You can download The Dawn of Kernel from usebox.net, and if you want to add a physical copy of the game to your collection of Amstrad CPC software, you can buy it from poly.play.

New reviews

For the first time in eight months, I have reviewed some games! Here are my opinions of three Spanish games:

Mike the Guitar

Just a matter of days after releasing Pink Pills: Manic Moritz and the Meds, Sebastian Braunert released another platform game for the Amstrad CPC using Arcade Game Designer. This one is called Mike the Guitar, and in this game, you control Mike the guitar and you must collect all eight plectrums and then plug yourself into the loudspeaker to complete the game. It's rather short – there are only nine screens – but it's certainly not easy. You can download Mike the Guitar from the CPCWiki forum.

The Dawn of Kernel

Juan José Martínez's new game The Dawn of Kernel is due to be released on 21st August 2018, so there's not long to wait now! Juan has uploaded a teaser video, which you can watch on YouTube.

The World War Simulator: Part II

Retrobytes Productions has just released a new game for the ZX Spectrum and Amstrad CPC called The World War Simulator: Part II. You must infiltrate Adolf Hitler's bunker and kill him before he commits suicide himself. You have to explore the labyrinth of rooms, shoot Nazi soldiers, avoid stepping on mines, and search for keys and ammunition to help you progress in your quest. The style of gameplay is similar to Into the Eagle's Nest, and you can download the game from Retrobytes Productions' site; scroll down and look for a paragraph entitled 'DESCARGAS' to find the links.

Pink Pills: Manic Moritz and the Meds

Sebastian Braunert has developed a platform game using Jonathan Cauldwell's Arcade Game Designer called Pink Pills: Manic Moritz and the Meds. Arcade Game Designer is better known on the ZX Spectrum, but it is gradually seeing more use within the Amstrad CPC community. You are a dog called Moritz who has taken a few too many pills, and in your dreams, you are hunting for bones in a variety of strange worlds. The graphics are very colourful, which fits the background story of the game rather well, and there is also a soundtrack of chiptune versions of well known tunes which has been compiled by Shining. You can download it from Vintage is the New Old.

The Classic Adventurer

Something that recently caught my eye is The Classic Adventurer – a magazine that is dedicated to the golden era of text adventures. I like to think of it as a version of Retro Gamer magazine that is devoted to text adventures. The magazine is produced by Mark James Hardisty, and the amount of effort that he puts in to it is outstanding. The artwork is particularly impressive, and much of it has been carefully restored from the original versions. I like the 'Desert Island Dungeons' pages, where interviewees are given a choice of five games to take with them to a desert island – and yes, I am fully aware that the concept was borrowed from Retro Gamer's 'Desert Island Disks'!

So far, three issues of the magazine have been released. PDF versions are available to download for free, and you can also buy physical copies, although it'll hit your wallet, as these are print-on-demand copies, and shipping is quite expensive. Here's a taster of what's in the first three issues:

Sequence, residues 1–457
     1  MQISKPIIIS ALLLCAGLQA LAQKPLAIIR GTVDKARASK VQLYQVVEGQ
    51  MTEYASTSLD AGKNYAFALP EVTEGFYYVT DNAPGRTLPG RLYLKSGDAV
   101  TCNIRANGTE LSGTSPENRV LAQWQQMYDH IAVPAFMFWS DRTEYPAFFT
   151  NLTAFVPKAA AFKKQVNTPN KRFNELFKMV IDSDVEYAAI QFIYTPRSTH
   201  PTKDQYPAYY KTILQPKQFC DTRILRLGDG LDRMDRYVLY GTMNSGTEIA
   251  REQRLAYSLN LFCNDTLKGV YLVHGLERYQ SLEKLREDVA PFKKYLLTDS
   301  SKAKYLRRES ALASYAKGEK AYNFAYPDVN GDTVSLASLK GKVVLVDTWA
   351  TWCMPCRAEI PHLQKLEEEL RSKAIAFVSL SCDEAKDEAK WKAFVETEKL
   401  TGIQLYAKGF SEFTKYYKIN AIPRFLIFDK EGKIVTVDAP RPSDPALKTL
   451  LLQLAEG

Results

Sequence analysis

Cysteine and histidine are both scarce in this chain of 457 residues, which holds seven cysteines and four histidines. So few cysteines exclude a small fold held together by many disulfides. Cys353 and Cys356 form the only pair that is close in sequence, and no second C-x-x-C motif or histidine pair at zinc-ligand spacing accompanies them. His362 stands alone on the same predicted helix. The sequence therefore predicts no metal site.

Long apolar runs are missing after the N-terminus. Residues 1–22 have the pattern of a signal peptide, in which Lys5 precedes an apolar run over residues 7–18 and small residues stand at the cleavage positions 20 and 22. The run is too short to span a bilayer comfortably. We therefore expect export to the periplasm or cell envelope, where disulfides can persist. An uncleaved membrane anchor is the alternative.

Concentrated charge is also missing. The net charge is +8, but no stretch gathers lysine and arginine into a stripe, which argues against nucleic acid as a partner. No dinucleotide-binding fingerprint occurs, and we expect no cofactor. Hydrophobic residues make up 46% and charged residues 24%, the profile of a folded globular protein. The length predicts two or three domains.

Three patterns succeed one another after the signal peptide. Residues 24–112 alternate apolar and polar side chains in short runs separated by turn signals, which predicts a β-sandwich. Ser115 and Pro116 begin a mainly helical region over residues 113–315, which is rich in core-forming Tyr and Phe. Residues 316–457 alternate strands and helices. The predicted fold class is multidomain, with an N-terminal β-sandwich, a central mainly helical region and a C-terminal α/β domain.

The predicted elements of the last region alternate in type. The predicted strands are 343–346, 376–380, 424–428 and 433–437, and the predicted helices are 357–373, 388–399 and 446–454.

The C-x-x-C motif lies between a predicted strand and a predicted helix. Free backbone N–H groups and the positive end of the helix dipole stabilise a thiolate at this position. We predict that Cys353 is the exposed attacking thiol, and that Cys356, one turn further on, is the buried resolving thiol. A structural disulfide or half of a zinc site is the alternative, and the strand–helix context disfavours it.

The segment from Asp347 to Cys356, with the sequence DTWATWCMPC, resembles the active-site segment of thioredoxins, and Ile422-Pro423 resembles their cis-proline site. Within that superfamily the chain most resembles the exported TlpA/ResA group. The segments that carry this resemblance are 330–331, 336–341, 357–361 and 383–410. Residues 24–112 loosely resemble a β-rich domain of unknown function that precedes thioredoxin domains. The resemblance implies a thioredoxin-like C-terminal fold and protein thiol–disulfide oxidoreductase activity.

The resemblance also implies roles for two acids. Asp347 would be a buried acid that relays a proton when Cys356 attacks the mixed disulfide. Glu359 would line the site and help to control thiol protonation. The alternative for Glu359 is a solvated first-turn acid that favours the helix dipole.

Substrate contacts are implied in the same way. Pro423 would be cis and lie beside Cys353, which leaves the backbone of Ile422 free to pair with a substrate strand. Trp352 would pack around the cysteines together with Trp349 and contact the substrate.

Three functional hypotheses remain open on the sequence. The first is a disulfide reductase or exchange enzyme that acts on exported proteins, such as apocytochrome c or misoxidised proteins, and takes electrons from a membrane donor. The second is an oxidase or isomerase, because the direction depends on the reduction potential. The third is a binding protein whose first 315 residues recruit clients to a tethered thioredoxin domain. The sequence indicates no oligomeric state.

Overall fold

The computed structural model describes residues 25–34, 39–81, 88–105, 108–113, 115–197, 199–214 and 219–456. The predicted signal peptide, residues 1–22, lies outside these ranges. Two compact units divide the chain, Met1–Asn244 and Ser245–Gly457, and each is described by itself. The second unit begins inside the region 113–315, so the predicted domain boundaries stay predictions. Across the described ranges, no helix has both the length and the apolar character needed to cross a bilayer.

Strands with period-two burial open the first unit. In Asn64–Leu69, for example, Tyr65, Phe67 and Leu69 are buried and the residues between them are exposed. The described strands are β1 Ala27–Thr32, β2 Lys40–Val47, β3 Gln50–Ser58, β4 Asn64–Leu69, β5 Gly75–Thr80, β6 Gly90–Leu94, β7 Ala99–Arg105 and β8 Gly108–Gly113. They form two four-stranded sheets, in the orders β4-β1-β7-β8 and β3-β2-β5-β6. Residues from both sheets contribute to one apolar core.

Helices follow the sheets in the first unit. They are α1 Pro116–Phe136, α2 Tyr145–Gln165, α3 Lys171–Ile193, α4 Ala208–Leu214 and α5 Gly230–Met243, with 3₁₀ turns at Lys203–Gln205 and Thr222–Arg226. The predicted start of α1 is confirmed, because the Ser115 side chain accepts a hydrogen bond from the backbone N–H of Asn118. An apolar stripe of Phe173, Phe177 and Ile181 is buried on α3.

Issue 1

  • In-depth interviews with Mike and Pete Austin of Level 9 Computing and Veronika Megler (one of the authors of The Hobbit)
  • The making of Doomsday Lost Echoes (which should be of particular interest to Amstrad CPC fans)

Issue 2

  • Interview with Stefan Vogt about the recently released Hibernated 1: This Place Is Death
  • In-depth interviews with Fergus McNeill of Delta 4 and Tim Gilberts of Gilsoft (who developed The Quill, a program for creating text adventure games)

Issue 3

  • Interviews with Brian Howarth of Adventure International UK, Anita Sinclair of Magnetic Scrolls and Vicky Carne of Mosaic Software
  • A gallery of artwork by Terry Greer (who contributed graphics to Interceptor Micros' range of adventures)

#CPCRetroDev 2018

The 2018 edition of the #CPCRetroDev Game Creation Contest has been announced, and there are prizes worth a total of €1,500 to be won, including €300 for the best game. The deadline for submitting entries is 31st October 2018, and this year's contest offers bonus points for tributes to Topo Soft's 1988 game Chicago's 30.

Last year's contest saw some pretty impressive games such as Baba's Palace, Cris. Odd Prelude, Bitume and Laser Boy. Let's hope that this year will also see lots of great new CPC games being released.

Athanor: The Legend of the Birdmen

Éric Safar announced the release of an English edition of Athanor: The Legend of the Birdmen last weekend. This is the second release in what Éric has intended to be a trilogy of adventures. The first game, Athanor, was a text adventure with rudimentary black and white graphics, which was a deliberate choice on the author's part, as the trilogy is intended to show the evolution of adventure games over the years.

The second part of the trilogy is also a text adventure, but with improved graphics that are loaded from disc, like Sram or many of Lankhor's adventures such as La Secte Noire. The photo on the right shows you what the packaging looks like. Those of you who are familiar with the 'feelies' that were included with Infocom's range of text adventures will notice that Athanor: The Legend of the Birdmen also includes several objects which act as clues to help you solve the game.

To order a copy, visit Safar Games and follow the instructions there to e-mail Éric.

Hibernated 1: This Place Is Death

Stefan Vogt's text adventure Hibernated 1: This Place is Death has also been released and can be downloaded from Pond Software.

E-mail: nich <AT> durge <DOT> org